Why does Fibonacci recursive procedure works so long?

This is in OCaml:

```
let rec fib n = if n<2 then n else fib (n-1) + fib (n-2);;
```

This is in Mathematica:

```
Fib[n_] := If[n < 2, n, Fib[n - 1] + Fib[n - 2]]
```

This is in Java:

```
public static BigInteger fib(long n) {
if( n < 2 ) {
return BigInteger.valueOf(n);
}
else {
return fib(n-1).add(fib(n-2));
}
}
```

For `n=100`

it works for a long time, because, I guess, it traces tree with `2^100`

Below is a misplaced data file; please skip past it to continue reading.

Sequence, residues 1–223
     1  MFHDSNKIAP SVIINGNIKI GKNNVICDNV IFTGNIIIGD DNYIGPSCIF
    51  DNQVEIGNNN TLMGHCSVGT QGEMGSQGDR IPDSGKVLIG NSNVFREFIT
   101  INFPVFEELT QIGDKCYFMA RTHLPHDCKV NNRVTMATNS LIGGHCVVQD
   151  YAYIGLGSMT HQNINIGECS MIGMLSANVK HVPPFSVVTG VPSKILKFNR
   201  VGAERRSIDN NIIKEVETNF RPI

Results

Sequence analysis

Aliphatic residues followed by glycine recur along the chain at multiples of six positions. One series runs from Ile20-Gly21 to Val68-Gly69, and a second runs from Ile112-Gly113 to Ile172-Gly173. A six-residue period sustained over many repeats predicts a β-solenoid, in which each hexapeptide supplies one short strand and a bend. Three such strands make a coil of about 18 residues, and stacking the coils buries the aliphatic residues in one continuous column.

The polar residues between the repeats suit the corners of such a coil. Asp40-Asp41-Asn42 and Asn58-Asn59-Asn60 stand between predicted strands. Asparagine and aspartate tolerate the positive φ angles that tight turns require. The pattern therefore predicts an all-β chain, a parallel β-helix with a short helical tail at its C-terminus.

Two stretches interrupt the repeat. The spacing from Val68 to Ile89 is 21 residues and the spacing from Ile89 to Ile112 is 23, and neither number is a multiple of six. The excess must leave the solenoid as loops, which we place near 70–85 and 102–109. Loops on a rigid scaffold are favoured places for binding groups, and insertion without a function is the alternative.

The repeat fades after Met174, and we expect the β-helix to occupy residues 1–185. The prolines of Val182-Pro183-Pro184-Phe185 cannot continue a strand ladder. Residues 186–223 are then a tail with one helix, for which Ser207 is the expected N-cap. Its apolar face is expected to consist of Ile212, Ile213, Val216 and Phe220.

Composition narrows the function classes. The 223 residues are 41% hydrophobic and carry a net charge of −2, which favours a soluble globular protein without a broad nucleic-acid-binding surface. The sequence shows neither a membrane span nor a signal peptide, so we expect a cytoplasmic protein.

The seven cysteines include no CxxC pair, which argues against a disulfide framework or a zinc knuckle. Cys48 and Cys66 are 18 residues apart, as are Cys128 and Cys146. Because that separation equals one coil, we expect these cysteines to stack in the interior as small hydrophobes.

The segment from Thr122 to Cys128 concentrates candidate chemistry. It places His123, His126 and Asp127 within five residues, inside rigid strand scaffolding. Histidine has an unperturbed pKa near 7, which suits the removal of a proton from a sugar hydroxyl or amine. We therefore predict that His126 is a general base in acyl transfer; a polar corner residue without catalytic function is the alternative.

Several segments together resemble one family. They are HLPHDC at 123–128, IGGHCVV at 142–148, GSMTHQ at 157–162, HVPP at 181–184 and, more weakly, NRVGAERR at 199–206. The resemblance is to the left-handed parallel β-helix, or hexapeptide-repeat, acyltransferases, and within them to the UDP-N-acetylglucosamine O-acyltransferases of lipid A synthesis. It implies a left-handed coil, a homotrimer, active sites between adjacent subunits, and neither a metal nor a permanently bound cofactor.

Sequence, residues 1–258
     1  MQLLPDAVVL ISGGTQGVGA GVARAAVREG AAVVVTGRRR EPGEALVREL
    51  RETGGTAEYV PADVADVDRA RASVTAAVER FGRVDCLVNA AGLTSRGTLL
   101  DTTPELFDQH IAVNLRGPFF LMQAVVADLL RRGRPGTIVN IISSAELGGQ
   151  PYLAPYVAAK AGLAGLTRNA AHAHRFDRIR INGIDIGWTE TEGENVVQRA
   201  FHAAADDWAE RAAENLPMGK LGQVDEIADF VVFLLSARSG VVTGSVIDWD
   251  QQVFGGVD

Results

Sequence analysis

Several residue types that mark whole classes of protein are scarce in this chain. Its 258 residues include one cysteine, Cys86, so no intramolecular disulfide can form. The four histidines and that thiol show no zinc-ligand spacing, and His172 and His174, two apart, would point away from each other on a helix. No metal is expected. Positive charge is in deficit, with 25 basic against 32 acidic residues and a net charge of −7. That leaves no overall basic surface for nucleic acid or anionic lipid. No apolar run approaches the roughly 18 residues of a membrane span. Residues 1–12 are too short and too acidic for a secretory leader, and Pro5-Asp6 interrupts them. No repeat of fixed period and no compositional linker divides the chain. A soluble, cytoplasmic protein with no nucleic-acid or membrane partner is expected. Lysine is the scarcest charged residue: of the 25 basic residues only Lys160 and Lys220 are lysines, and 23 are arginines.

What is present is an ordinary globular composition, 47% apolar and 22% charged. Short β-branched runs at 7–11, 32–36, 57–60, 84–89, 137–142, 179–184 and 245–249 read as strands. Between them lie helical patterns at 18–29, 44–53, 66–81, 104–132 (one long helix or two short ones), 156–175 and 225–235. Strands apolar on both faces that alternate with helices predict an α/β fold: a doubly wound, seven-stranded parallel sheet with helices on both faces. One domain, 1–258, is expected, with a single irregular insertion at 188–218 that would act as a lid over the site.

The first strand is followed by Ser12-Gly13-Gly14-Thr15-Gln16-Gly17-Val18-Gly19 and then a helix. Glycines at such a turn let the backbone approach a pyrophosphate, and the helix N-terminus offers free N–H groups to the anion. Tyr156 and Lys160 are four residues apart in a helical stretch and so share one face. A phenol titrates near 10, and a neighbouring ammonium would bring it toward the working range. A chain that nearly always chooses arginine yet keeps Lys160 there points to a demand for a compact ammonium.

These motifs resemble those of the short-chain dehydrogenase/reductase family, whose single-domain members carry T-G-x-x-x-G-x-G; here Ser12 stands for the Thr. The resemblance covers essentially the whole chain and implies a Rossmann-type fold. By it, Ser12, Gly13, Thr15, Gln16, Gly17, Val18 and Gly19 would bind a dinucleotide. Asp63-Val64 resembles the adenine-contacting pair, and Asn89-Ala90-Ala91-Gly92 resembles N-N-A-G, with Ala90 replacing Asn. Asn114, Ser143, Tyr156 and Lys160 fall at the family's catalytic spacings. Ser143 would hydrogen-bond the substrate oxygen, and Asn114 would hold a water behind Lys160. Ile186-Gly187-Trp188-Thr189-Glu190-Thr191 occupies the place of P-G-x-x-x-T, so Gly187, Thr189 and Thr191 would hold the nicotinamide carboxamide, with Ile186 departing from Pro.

nodes in time.

Although, there are only 100 numbers to generate, so it could consume just 100 memory registers and 100 calculation tacts.

So, execution could be optimized.

What does this task about and how is it solved? Since solution does not implemented in Mathematica it probably doesn't exist. What about research on this matter?